(ORDO NEWS) — A SpaceX Falcon 9 two-stage rocket carrying a second-generation Cosmo-SkyMed FM2 (CSG-2) satellite lifted off from Cape Canaveral, Florida on Monday (January 31) at 6:11 pm ET (2311 GMT).
SpaceX originally planned to launch the satellite on Thursday (January 27), but bad weather prevented the launch for three days. On Sunday (January 30), mother nature finally came forward, but the cruise ship strayed into a “no-go zone” below Cape Canaveral, forcing the company to once again abandon the launch.
However, on Monday everything worked out. The Falcon 9 rocket lifted off on time, and its first stage made a soft landing at Cape Canaveral just under eight minutes after liftoff. The second stage, meanwhile, continued to place CSG-2 into orbit, and eventually carried the satellite out as planned 60 minutes after launch.
The booster landing was the 104th SpaceX has accomplished so far during an orbital flight, SpaceX production manager Jesse Anderson said during a launch webcast on Monday.
This particular first stage has already flown twice as a side booster on SpaceX’s massive Falcon Heavy rocket. Anderson said today’s launch marked the first time that a heavy rocket’s side booster has been reconfigured and launched on its own as a Falcon 9.
Such reuse is key to SpaceX’s long-term goals of lowering the cost of space travel enough to make ambitious exploration feats like colonizing Mars economically viable. On Monday, SpaceX also planned to recover the CSG-2 mission payload fairing — the protective “nose cone” that surrounds the payload during launch — for future reuse, Anderson said.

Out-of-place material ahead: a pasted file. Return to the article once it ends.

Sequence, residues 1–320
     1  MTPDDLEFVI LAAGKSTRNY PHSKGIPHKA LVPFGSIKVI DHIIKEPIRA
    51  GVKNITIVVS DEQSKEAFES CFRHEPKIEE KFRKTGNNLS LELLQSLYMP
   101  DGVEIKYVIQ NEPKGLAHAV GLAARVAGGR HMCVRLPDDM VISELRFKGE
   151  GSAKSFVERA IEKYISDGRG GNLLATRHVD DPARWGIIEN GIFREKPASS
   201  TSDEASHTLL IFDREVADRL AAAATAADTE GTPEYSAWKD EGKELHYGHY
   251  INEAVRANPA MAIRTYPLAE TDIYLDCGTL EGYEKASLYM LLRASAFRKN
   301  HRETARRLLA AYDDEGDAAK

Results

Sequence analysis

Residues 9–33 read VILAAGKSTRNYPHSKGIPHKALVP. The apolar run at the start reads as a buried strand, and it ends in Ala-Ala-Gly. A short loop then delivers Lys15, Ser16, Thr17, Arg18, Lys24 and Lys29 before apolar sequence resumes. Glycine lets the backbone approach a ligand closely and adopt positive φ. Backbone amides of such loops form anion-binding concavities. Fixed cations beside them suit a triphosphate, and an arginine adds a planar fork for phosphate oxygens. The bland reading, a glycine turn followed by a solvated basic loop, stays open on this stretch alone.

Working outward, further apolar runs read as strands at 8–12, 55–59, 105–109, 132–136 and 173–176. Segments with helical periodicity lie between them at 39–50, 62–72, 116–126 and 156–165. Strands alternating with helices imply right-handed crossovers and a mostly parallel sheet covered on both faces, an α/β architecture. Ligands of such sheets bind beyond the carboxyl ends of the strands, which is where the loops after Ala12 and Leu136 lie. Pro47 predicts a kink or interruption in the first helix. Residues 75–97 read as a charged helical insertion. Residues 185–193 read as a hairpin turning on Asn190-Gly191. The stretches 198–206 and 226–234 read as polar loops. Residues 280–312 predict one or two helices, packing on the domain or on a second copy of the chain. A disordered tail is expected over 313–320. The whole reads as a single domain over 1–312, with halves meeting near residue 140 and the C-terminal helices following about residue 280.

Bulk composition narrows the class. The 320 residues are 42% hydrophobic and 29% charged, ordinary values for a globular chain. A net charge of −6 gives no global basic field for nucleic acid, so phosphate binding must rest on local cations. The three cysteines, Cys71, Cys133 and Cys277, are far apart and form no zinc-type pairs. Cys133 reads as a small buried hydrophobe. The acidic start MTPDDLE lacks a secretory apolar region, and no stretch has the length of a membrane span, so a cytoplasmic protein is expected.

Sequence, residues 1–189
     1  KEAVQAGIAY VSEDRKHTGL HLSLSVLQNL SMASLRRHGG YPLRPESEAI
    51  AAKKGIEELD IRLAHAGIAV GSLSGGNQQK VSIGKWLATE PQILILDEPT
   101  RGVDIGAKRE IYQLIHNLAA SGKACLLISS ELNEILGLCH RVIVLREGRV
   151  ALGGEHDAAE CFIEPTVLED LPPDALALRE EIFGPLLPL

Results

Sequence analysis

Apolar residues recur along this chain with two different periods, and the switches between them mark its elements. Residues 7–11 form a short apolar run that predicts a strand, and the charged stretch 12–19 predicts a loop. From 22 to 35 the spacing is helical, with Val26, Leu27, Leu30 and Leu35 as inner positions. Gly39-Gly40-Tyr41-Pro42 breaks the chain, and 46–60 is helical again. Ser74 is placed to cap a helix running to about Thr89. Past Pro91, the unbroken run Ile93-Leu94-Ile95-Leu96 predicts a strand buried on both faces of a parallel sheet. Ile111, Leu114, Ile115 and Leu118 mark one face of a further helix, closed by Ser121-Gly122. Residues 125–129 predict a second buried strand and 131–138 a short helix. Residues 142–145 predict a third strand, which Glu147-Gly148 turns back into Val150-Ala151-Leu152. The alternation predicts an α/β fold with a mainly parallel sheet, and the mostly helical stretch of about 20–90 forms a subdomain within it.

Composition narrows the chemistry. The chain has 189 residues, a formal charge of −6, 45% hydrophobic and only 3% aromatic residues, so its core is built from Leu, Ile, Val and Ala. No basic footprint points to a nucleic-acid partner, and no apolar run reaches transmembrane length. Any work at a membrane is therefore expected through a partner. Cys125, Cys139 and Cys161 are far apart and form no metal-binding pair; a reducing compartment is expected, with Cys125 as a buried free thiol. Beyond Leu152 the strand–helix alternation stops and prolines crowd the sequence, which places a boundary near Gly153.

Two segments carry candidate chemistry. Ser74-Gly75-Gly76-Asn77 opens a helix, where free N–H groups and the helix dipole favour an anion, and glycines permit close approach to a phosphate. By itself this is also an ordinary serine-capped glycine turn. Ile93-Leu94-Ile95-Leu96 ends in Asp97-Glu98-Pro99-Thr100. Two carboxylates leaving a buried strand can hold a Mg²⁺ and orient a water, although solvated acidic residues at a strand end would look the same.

The second generation Cosmo-SkyMed program is funded by the Italian Space Agency, the Italian Ministry of Defense and the Italian Ministry of Education, Universities and Research. The system consists of two satellites that are designed to observe the Earth using synthetic aperture radar (SAR).
CSG is an improved continuation of the original Cosmo-SkyMed system.
“The goal of the second generation COSMO-SkyMed program is to monitor the Earth for emergency prevention, strategy, scientific and commercial purposes, provide data on a global scale to support various applications, including risk management, mapping, forest and environmental protection, natural resource exploration, land administration, defense and security, maritime surveillance, food and agriculture management,” the representatives of the European Space Agency wrote in the program description.
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